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has released a compendium, Title IX & STEM: Promising Practices for Science, Technology, Engineering & Mathematics,40 which presents best practices for universities in improving outreach, admissions, and retention of women in tenure-track positions.

Van Wazer called on the academic community to commit to working with federal agencies and the private sector to identify and deploy the most effective solutions, ensuring that women scientists and engineers have the flexibility and support to enter and remain in the highest levels of research careers. She called on senior women, and senior women of color in particular, to step forward and mentor the next generation of girls who will be those who advance future U.S. scientific and technological innovation. Van Wazer emphasized the need to recognize accomplished women of color in science and technology. She asked the audience to submit nominations for Presidential awards of outstanding scientists who are women of color, noting that Presidential awards are given for accomplishments at many points along STEM career pathways and for a variety of types of achievement.

After Van Wazer’s opening talk, Bernadette Gray-Little introduced the session noting that in the United States, diversity in the general population is increasing and will continue. By 2050, ethnic/racial minorities will make up 54 percent of the population. Universities are seeing the trend reflected in their enrollment; however, scientific and academic communities do not show corresponding levels of diversity. Thus, students see too few role models and have difficulty envisioning success. In large numbers they are choosing not to pursue science and technology or to leave those paths early.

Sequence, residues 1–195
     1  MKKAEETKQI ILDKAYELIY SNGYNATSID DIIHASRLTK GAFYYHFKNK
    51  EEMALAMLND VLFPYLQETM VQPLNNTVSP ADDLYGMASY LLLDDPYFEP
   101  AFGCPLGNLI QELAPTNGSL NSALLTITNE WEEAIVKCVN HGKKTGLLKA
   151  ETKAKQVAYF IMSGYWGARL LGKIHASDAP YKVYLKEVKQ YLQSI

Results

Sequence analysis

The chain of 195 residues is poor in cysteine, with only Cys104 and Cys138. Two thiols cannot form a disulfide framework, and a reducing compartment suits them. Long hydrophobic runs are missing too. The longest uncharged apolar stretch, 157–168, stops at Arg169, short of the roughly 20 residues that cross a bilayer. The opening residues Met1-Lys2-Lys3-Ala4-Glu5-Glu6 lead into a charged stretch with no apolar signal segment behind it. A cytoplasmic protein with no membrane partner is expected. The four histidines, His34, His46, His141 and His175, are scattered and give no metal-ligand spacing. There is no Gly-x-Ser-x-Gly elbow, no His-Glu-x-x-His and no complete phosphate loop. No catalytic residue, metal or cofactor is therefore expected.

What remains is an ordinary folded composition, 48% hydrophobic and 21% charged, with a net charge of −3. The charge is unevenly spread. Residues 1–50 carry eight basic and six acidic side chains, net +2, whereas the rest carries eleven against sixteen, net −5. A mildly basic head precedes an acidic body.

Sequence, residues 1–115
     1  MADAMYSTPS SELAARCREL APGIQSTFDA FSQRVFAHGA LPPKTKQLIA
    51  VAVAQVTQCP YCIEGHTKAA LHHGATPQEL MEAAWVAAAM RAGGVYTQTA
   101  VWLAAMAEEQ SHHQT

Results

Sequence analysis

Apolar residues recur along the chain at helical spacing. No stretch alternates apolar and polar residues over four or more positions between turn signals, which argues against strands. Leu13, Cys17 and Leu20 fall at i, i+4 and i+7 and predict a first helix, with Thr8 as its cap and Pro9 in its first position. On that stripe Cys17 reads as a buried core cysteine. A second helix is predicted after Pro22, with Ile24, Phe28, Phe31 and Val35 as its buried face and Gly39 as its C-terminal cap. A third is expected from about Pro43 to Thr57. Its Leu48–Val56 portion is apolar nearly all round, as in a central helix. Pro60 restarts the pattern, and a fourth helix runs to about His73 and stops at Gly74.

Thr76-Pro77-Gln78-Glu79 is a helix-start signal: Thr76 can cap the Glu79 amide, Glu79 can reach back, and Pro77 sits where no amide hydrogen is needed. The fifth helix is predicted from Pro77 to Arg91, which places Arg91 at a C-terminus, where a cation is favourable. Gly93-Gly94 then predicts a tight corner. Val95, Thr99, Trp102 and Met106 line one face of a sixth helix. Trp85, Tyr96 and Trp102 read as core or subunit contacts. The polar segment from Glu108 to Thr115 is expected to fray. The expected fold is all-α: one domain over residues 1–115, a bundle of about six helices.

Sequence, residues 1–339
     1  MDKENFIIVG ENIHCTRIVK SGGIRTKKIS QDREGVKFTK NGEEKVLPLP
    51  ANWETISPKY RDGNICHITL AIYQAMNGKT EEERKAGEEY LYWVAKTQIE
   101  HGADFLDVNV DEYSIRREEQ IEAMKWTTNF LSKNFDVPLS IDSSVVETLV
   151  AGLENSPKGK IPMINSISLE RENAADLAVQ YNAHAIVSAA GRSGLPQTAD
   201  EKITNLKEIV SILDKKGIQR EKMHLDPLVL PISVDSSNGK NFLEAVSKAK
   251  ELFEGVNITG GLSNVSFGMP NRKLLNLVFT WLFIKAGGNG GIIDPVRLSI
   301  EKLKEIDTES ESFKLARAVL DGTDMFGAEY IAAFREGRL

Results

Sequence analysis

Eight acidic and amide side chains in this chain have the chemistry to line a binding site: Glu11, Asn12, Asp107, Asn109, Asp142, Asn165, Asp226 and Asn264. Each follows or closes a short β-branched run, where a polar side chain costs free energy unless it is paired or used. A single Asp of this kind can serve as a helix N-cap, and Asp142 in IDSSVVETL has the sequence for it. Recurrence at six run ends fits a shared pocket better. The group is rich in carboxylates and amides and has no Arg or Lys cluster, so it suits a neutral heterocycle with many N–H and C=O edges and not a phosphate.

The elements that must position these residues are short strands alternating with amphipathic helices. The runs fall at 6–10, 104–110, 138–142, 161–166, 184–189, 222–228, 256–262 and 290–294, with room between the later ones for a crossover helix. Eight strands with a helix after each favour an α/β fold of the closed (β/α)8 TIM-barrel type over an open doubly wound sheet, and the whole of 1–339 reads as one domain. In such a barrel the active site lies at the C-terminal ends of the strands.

Gray-Little expressed her concern that the nation is not taking full advantage of all citizens, and she reiterated the comment offered earlier that the country needs “all hands on deck.” Given that the country is currently missing out on the knowledge, experience, and contributions of many of our citizens, she posed the question of how we maximize the talents of a wider range of citizens for the benefit of the nation and the world.

She noted that the salient question is not about diversity for diversity’s sake, but rather about utilizing the unique experiences and perspectives that women of color bring, and making sure that opportunities are available for their full participation and contribution to science and society.


Jeri Buchholz, NASA’s chief human capital officer, introduced NASA’s mission as being to ask and answer the most difficult scientific and technical questions ever asked by humankind, find solutions to those problems, make it possible for the resulting technologies to be turned over to the commercial sector, and promote new industries in the private sector. She described how diversity and inclusion permeate every management and program decision at NASA and noted that NASA plays a leadership role within the federal government regarding the employment of people in STEM fields.

At NASA, 89 percent of the workforce is in the fields of aerospace technology and engineering. Women of color make up 5.6 percent of NASA’s workforce, a percentage that NASA is working to increase and which Buchholz noted is more than twice that of the relevant civilian labor force, at 2.3 percent. To “move the needle” and substantially increase the


40 NASA. 2009. Title IX & STEM: Promising Practices for Science, Technology, Engineering & Mathematics. National Aeronautics and Space Administration. Accessed October 21, 2013 online:

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